Mirroring many of the other regional indicators, the Texas Manufacturing Outlook Survey from the Dallas Federal Reserve Bank showed that business activity slowed down considerably in August [1]. The index for production fell from 10.8 in July to 1.1 in August, suggesting that the sector is only barely growing from the previous month. Similar declines were found in new orders, shipments and employment.

Meanwhile, some variables turned negative, with capacity utilization, unfilled orders, finished goods inventories and hours worked contracting. Bucking this trend, capital expenditures rose, with the index increasing from -2.3 in July to +8.4 in August.

Pricing pressures remain, despite a decline in the index for raw materials prices from 34.3 to 23.2.  This suggests continued, somewhat slower growth in prices at a time when the ability of many manufacturers to pass on these costs is limited. The index for prices received, for instance, fell from +4.6 in July to -0.5 in August, reflecting the need for some firms to lower prices in this market.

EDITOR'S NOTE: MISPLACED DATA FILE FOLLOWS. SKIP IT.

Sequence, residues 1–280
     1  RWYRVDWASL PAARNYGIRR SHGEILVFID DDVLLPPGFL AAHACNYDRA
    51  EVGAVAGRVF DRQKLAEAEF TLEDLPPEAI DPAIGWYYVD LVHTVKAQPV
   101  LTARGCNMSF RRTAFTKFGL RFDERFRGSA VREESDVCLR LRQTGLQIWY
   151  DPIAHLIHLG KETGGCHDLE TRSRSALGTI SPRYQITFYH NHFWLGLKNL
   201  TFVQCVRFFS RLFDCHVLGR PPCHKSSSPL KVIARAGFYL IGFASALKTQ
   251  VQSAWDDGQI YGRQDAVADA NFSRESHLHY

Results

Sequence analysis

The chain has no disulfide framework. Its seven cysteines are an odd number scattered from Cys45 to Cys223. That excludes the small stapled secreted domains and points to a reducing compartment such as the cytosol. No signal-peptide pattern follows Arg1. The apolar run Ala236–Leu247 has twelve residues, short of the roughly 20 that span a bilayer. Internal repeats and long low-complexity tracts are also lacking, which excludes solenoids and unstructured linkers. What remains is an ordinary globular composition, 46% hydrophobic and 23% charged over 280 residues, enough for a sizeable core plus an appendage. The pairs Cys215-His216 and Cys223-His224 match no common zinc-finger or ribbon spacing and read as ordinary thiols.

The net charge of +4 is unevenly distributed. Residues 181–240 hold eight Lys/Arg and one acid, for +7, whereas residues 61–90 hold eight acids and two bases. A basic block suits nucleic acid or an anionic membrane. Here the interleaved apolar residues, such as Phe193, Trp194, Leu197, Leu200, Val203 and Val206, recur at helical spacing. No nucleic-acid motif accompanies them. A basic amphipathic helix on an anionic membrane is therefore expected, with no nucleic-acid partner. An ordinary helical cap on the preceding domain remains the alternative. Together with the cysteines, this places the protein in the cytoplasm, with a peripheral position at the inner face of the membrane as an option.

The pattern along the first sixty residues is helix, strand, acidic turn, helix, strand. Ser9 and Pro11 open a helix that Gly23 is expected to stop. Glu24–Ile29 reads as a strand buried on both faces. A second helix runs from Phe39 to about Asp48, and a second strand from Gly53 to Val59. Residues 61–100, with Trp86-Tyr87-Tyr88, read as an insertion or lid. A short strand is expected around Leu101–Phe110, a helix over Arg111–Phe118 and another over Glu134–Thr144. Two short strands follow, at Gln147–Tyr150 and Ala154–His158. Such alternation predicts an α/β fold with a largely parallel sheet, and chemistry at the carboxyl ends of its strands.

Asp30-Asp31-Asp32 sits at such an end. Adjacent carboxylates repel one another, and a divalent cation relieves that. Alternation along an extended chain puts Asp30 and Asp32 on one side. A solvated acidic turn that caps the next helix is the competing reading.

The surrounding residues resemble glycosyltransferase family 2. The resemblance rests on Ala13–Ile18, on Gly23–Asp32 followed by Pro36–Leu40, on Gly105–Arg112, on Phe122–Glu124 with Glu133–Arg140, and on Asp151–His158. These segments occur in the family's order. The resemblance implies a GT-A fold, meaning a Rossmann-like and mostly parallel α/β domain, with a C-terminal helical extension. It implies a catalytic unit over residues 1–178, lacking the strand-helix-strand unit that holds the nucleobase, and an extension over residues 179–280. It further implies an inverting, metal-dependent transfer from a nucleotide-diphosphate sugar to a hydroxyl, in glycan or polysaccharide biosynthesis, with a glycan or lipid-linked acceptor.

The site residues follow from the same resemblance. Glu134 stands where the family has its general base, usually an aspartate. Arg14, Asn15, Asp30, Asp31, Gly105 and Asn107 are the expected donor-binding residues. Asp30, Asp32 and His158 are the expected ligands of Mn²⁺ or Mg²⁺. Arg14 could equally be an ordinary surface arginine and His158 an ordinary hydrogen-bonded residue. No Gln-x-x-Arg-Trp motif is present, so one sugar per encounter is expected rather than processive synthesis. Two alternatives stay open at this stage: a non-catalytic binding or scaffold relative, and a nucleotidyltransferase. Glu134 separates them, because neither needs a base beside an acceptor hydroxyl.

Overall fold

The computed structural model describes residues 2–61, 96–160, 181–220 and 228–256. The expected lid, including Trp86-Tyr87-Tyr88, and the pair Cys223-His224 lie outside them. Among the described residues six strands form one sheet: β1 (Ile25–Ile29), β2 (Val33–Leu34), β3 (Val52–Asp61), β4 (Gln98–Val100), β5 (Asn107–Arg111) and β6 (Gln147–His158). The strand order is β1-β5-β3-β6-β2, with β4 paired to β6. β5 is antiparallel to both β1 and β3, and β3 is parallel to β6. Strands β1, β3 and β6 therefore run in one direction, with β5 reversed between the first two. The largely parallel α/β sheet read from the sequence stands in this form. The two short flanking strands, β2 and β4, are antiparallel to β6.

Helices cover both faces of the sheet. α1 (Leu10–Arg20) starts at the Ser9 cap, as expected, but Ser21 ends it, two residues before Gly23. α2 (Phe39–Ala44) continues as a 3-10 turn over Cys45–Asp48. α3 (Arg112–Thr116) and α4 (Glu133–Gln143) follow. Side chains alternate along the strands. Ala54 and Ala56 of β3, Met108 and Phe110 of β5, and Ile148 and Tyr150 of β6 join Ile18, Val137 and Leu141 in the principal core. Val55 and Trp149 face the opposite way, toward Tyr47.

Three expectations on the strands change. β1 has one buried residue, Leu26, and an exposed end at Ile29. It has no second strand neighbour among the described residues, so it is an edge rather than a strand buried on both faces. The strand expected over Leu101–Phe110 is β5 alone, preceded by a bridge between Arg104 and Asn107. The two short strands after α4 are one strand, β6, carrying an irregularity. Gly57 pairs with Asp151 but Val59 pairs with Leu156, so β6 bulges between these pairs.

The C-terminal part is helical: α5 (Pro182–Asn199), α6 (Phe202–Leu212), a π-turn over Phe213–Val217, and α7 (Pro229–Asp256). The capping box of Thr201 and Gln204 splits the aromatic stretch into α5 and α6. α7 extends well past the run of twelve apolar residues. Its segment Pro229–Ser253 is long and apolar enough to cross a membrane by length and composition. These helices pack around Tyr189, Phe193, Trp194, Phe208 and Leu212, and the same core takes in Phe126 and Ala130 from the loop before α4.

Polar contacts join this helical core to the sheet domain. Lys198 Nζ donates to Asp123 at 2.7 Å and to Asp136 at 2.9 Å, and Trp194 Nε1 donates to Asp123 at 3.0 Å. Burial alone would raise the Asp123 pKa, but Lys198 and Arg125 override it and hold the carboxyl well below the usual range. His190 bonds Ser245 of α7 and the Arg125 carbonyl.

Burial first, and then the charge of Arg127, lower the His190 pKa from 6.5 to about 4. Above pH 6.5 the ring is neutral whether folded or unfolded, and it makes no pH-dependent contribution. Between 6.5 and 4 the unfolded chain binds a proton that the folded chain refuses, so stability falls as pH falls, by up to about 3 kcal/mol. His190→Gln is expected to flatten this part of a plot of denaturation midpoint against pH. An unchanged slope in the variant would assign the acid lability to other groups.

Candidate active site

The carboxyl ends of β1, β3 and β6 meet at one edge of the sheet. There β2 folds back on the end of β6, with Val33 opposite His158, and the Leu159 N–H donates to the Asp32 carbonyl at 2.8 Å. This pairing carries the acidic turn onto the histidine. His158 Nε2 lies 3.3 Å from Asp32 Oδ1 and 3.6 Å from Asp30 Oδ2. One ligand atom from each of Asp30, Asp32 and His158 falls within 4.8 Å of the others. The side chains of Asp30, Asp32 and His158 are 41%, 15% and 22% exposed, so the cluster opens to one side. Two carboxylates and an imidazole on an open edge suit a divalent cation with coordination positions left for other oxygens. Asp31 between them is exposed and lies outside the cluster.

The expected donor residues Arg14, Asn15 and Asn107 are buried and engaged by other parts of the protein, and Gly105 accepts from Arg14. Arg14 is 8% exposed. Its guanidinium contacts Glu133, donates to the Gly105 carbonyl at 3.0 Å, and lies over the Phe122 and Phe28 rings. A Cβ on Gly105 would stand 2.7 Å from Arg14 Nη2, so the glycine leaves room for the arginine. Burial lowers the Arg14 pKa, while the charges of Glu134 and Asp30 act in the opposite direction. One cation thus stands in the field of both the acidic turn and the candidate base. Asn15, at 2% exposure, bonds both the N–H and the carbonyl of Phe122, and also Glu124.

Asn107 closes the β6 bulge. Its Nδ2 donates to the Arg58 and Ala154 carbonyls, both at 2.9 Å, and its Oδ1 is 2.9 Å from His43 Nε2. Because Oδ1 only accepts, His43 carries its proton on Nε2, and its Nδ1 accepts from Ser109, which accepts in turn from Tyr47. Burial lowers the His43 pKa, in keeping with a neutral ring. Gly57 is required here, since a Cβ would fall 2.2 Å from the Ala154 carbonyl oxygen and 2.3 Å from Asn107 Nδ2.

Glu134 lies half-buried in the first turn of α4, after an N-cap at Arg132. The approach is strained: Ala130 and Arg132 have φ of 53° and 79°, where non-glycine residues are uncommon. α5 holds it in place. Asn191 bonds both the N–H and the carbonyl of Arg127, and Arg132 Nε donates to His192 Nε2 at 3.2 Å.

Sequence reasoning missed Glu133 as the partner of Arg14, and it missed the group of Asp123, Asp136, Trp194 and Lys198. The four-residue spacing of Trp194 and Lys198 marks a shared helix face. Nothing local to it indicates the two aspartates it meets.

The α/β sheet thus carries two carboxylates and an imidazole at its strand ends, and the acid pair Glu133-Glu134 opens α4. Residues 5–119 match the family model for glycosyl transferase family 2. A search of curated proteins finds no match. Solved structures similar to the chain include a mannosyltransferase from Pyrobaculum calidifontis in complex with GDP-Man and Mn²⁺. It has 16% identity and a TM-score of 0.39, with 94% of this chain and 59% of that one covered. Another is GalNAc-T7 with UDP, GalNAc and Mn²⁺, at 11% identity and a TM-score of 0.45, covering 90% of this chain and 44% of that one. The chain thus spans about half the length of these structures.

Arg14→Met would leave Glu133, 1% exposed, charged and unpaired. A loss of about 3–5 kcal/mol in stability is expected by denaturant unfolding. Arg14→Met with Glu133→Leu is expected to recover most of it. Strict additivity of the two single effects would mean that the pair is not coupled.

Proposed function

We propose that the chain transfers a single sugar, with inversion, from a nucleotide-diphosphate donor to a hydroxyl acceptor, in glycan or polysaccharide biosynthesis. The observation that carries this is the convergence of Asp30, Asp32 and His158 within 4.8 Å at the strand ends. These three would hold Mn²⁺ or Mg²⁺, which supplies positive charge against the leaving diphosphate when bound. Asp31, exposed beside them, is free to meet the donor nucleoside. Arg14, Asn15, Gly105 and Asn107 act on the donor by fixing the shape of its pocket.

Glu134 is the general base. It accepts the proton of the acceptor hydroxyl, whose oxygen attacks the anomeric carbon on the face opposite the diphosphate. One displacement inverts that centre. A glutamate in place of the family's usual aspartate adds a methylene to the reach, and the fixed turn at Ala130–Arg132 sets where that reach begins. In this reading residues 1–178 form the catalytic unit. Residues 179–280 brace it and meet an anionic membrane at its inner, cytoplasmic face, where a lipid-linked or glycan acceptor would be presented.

Despite the downgraded current picture, manufacturers remain positive about future opportunities, even with declines in many of the categories from July. The index for production and new orders in August, for example, is 25.4 and 26.7, suggesting an expectation of stronger growth in the next six months. Along these lines, measures for employment and capital expenditures were also higher.

Chad Moutray is chief economist, National Association of Manufacturers.